You probably already know about the great characteristics of Tomoe River Paper - namely, its pleasant color, smooth surface, and resistance to feathering and bleed-through. It has a reputation like no other paper.
You also know that its extreme thinness allows writing on one side to "show-through" or "echo" to the other side. It is an issue not just for Tomoe River paper but for just about any thin, light-colored paper.
This show-through may be enough of an issue for some people to avoid thin papers all together, which is a shame, so I would like to offer a solution for eliminating or at least minimizing the distraction of show-through while writing.
The pictures and captions below demonstrate how a dark-colored sheet of paper underneath the Tomoe River page can minimize show-through to the side you are writing on.
If you prefer to use a lined underlay sheet, i.e. a white sheet with black lines, simply switch to a black sheet with white lines. Both types of sheets can be found on the resources page.
Of course, if you usually write on only one side of the page - nevermind!
Thanks for looking and if you have any suggestions, please contact me via email@example.com.
How to minimize show-through of dark inks on thin light/white paper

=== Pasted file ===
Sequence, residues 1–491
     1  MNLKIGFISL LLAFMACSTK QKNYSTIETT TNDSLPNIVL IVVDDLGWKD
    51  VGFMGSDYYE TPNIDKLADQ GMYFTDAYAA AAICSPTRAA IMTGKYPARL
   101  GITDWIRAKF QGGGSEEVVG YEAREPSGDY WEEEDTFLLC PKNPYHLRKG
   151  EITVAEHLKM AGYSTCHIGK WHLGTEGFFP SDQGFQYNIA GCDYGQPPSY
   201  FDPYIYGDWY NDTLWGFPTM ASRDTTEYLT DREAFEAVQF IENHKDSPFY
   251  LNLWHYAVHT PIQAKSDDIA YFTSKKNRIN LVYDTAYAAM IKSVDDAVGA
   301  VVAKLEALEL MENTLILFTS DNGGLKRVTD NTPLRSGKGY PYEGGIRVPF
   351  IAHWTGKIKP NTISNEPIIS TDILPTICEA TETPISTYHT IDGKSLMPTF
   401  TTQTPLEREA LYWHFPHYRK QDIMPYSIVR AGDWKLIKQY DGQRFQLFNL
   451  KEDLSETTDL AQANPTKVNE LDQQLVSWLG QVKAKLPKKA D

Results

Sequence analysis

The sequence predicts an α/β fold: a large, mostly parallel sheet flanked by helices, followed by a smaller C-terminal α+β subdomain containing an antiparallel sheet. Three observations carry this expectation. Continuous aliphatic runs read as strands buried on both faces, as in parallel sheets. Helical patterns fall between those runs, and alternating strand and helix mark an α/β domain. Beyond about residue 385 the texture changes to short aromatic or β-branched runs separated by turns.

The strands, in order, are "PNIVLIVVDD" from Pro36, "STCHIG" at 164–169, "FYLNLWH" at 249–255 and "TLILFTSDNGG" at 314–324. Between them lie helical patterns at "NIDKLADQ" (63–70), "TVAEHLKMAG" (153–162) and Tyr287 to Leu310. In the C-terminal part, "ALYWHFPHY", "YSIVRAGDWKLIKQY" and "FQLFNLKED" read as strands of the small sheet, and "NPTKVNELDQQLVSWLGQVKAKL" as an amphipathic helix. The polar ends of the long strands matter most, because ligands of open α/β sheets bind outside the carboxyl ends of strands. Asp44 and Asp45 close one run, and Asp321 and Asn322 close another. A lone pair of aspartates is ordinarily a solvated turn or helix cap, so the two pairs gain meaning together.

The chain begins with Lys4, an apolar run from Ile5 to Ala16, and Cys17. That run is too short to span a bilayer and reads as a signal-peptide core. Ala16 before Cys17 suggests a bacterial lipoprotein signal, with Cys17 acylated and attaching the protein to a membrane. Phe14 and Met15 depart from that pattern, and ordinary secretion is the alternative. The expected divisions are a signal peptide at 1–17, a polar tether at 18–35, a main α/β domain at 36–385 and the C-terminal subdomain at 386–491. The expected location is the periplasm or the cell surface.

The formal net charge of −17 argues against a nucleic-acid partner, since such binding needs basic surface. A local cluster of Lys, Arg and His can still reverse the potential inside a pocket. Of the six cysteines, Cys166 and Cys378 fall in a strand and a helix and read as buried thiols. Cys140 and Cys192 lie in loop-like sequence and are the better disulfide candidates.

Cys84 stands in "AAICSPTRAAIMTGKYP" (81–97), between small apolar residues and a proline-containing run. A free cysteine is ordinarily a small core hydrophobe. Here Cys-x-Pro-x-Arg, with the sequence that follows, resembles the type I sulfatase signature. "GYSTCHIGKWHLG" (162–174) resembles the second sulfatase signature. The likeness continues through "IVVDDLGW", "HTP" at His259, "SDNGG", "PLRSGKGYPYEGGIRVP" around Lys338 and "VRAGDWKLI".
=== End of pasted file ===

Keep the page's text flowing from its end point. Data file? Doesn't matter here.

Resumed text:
1. This is a typical dark fountain-pen ink used with a broad nib.
2. This is the reverse side of the same page. There is no bleed-through, but the writing does show through fairly clearly. It doesn't bother everyone, but for some it can be a distraction.
3. Now look what happens when you put a dark sheet of paper under the page: the show-through all but disappears. In fact, the sheet isn't even that dark; I just asked my daughter to hand me something that wasn't white.
4. Here is the same page with writing on both sides and no dark underlay sheet. The show-through is probably more of a distraction for writing than for reading (in my opinion).
5. Here is the same page with the dark sheet underneath. The show-through is barely visible.
6. If you prefer lined underlay sheets to help guide writing, a black sheet with white lines (as opposed to a white sheet with black lines) will minimize the show through. Note that the reverse-side writing is hardly visible, but you can still see the lines. These white-lined sheets are available for download on the resources page.
7. Writing in a notebook is a bit different situation. The tricks above still apply, but as you can see from the pics of the Tomoe River notebook below, the combined show-through of writing on prior pages becomes a sort of "white noise". I would not call it distracting or even displeasing.
As a final note, show-through is not as much of an issue with finer nibs and normal inks. It stands out more with wide nibs and really dark inks.